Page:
13. I looked at the website but it doesn't mention the restaurant opening here; has anyone tried his places? I never heard of the one in New York (the only US city I frequent (and not so often anymore at that). The jury will be OUT until it opens and we have BEEN! But I sure hope it's good, because as Ruth will agree, we need more good restaurants that cater to grown-ups and that aren't in "Mexico denial" here in the Condesa...We Condechis don't like going to Polanco anymore than old-time Greenwich Villagers balked at traveling to the upper-east-side...
  14. Hi Ruth and Nickarte - I'm planning a trip for November and was thinking of staying in the Condesa. I'm having trouble finding hotels — in fact this is the first I've heard of the Hippodrome. Would you recommend the Condesa for tourists? Can you make any hotel recommendations? The Condesa DF is a little out of my price range. Thank you so much. Liz ← Hi Liz - Condesa is a great place for tourists to stay as it is quiet and pretty, convenient to everywhere, lots of places to walk around. I can reccomend the Hotel Roosevelt, located on Insurgentes and Yucatan, a few blocks from Parque Mexico. Insurgentes Sur No. 287, esquina Yucatan Hipodromo Condesa 06100 Ciudad de Mexico, Distrito Federal Ph: +52 (55) 5208-6813 5208-3606 www.hotelroosevelt.com.mx Just make sure you ask for a room on the quiet side... I personally, have a small apartment I rent out, but it won't be available when you are here; for the future, the website is www.huichapan.dreamhosters.com. The rooms are fine, I think a double is about $45 USD.
  15. Thanks Ruth..."fast blood" for the Slow Foodies! I'll be there! I live around the corner from the new hotel, and have been watching the progress of the restoration (for those not from the city, the hotel to which Ruth referes is in an Art Deco apartment house which has been beautifully restored). Can't wait for the opening of the restaurant!
  16. Please let me/us know if there are any more of these trips...as you know from living here, it's hard to get information about anything! I have YET to figure out how to get opera tickets on the day they go on sale...
  17. The best tortas, I think, are at Tortitlán (two branches, one Ancha de San Antonio, the other accross from the San Francisco Church) in San Miguel de Allende! And I live in Mexico City....this is the only food, in fact, that I would rave about in San Miguel! Why are they the best? They just are! I can't put it into words...who do you think I am; Proust?
  18. Tried to do this but nobody returned my email or call; asi es México....
  19. Good tips Ruth; I didn´t know about the second Bajio! Now here´s a tip for you: arriving at the airport, if you walk to the escalators located between "sala C" and "sala D", go up, cross the bridge, and go down on your left, there is a taxi sitio, used by airport employees and those in the know. These are metered cabs and a trip to La Condesa, also my neighborhood, costs around 80-90 pesos! So it is not necesary to take those overpriced ticket taxis.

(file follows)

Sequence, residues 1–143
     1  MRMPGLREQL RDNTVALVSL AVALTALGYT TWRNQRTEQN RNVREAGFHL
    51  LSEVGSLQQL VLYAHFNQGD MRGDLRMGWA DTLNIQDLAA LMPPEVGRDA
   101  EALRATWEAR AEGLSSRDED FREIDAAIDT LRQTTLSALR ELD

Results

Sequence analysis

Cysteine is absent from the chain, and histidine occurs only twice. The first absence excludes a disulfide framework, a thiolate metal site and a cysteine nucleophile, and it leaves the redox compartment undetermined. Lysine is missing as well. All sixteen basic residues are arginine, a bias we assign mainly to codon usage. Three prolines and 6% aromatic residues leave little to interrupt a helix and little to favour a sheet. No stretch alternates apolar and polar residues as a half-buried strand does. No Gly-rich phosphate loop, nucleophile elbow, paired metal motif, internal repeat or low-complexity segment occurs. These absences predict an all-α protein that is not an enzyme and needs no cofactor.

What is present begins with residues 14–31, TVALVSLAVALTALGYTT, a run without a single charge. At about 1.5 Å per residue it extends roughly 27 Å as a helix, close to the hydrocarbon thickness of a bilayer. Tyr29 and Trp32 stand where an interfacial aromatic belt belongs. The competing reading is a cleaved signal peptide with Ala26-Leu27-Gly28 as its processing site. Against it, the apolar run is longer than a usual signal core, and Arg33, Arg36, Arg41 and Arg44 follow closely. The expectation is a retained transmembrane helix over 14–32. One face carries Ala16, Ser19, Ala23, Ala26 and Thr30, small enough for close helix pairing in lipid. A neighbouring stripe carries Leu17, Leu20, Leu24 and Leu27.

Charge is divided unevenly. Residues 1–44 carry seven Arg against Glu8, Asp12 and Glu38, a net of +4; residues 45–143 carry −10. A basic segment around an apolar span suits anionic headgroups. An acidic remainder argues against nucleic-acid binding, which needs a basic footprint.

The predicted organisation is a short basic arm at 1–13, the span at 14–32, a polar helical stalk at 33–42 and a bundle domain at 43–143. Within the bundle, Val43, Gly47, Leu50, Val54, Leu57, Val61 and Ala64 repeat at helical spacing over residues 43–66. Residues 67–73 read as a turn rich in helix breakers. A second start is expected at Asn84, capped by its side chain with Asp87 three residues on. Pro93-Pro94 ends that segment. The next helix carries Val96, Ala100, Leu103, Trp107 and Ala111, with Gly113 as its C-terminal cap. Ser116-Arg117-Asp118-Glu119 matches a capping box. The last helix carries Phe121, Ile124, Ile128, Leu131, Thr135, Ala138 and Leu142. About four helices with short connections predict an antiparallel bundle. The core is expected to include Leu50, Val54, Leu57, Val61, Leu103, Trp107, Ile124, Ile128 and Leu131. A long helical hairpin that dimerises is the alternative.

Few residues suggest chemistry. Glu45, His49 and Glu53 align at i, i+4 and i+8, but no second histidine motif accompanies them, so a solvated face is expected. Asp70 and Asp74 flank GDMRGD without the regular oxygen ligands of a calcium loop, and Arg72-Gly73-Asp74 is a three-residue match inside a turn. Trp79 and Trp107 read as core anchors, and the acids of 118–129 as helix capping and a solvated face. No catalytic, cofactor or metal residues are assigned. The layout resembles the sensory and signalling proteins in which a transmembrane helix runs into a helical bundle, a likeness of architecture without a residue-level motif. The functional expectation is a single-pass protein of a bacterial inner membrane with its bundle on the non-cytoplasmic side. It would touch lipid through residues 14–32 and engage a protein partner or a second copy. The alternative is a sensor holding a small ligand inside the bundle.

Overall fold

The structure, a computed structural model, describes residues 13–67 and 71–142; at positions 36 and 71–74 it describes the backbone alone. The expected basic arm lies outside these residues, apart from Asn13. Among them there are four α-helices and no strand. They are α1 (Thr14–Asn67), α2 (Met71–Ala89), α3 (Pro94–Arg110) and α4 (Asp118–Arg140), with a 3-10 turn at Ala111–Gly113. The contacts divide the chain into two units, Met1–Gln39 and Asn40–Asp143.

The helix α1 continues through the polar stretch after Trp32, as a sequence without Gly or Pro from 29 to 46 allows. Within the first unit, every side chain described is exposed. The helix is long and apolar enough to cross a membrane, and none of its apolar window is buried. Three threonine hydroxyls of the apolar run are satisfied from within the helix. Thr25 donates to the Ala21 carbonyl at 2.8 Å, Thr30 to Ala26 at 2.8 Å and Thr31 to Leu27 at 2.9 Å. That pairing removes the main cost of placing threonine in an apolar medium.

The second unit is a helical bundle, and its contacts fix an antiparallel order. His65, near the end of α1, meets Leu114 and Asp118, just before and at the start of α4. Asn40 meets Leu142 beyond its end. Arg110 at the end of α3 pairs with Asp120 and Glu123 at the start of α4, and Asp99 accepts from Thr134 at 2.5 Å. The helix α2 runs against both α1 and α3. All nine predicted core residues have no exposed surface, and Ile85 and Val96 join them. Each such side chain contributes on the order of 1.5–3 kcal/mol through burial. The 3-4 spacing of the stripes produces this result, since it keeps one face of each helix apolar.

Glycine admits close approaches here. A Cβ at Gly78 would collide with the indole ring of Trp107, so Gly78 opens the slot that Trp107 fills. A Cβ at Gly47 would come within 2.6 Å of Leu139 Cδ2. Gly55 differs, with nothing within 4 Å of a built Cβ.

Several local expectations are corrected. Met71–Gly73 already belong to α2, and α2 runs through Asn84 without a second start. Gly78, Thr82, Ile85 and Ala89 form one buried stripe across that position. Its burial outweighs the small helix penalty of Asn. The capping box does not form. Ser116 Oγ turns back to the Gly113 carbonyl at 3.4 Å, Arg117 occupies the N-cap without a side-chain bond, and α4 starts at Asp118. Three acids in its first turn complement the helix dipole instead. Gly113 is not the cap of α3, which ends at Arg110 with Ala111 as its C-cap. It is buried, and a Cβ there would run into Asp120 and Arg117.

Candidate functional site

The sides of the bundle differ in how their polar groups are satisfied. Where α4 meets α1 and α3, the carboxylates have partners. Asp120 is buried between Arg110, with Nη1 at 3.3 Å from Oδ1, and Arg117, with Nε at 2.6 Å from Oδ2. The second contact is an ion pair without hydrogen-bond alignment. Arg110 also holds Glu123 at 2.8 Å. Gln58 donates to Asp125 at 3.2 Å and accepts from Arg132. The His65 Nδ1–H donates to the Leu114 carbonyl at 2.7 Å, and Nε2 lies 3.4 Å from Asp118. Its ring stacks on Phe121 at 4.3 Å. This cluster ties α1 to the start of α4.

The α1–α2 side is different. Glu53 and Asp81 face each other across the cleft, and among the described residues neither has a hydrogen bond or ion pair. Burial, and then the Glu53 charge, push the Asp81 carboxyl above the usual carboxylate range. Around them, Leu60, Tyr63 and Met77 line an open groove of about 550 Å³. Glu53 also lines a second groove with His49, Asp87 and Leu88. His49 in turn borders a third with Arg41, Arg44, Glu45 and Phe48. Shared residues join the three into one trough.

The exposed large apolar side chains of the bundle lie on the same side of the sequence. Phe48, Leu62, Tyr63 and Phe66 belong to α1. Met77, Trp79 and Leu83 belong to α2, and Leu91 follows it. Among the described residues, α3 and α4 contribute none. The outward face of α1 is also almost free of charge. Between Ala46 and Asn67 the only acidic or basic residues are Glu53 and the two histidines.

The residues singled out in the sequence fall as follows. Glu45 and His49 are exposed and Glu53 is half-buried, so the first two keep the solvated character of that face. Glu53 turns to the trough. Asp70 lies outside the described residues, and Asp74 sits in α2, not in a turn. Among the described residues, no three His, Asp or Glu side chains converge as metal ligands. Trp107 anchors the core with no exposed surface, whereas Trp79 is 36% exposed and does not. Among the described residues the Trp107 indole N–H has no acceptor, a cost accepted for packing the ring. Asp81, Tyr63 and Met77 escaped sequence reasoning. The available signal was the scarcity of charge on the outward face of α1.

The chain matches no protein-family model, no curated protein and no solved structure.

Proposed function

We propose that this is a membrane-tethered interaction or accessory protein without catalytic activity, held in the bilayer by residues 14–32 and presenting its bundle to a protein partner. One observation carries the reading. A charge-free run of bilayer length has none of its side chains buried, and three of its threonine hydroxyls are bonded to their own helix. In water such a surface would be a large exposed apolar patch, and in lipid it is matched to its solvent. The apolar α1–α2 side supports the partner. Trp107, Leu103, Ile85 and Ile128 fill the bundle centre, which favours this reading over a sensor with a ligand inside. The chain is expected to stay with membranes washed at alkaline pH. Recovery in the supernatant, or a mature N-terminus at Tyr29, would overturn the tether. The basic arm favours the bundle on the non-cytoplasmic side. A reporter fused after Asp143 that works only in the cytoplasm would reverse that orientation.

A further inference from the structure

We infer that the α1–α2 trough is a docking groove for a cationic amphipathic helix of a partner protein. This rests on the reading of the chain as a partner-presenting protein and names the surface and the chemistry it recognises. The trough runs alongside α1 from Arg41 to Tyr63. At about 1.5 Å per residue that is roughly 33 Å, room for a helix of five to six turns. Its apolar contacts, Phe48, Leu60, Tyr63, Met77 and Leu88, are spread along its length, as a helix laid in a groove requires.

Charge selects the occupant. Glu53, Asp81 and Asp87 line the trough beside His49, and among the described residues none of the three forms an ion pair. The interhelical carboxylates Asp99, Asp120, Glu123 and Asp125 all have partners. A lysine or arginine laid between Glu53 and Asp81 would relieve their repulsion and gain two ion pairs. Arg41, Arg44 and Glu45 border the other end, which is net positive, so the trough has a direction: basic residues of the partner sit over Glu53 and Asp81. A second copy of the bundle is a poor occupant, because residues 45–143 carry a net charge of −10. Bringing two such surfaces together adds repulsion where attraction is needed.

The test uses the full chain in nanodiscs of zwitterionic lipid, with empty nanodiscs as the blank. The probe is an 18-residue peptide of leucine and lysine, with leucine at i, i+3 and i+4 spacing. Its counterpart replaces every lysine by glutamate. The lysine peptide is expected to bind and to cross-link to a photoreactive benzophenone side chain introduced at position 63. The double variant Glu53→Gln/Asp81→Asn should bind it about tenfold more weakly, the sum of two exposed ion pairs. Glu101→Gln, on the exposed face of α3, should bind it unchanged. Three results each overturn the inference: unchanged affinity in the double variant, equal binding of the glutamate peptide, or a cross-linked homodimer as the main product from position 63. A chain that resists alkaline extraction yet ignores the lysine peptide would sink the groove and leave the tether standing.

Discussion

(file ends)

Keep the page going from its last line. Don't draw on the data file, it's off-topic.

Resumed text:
20. Where can it be found? Libros y Arte stores? Anywhere in the US? What a market ... cannot wait to get my hands on this book. I've seen it here in Ghandi....I doubt in the US as it is in Spanish but you never know; try Amazon...
  21. A lovely new book has appeared here in Mexico: "Del Mercado A la Mesa: El Mercado de San Juan" (from the market to the table: the San Juan market). For those who don't know, the Mercado San Juan is considered the queen of markets, located in the historic center of Mexico City; it specializes in high quality, imported and exotic foods - from wild mushrooms to armadillos to radichio and, ahem, the occasional raw milk French cheese, unofficially "brought in".... It is a beautiful coffee table type book, with photos, a history of markets in Mexico City, and of the San Juan in particular. Then there are portraits of individual vendors (all my favorites are included) with a recipe provided by each one. The problem and a big one: full page promotional photos of Pepsi cola, obviously a sponsor, are placed throughout and within the text. This abomination, as far as I have seen, has set a new precedent for shameless hucksterism, and I´m sure the author, José Iturriaga, must not be happy, but such is the state of economic affairs relating to culture here, and they undoubtedly had no choice but to make this Faustian decision to get it published (by Landucci, an Italian publisher specializing in art books). It goes for around $45 USD, (despite the ads) and is in Spanish only. I would include photos but I can't for the life of me figure out how....
  22. The best Yucatecan food in Mexico City (and I have tried many places) is: Coox Hanal Isabel la Catolica 83, 2nd floor, near c/Mesones, (Centro Historico) Did anyone mention Pan de Cazón? It is one of my favorite dishes...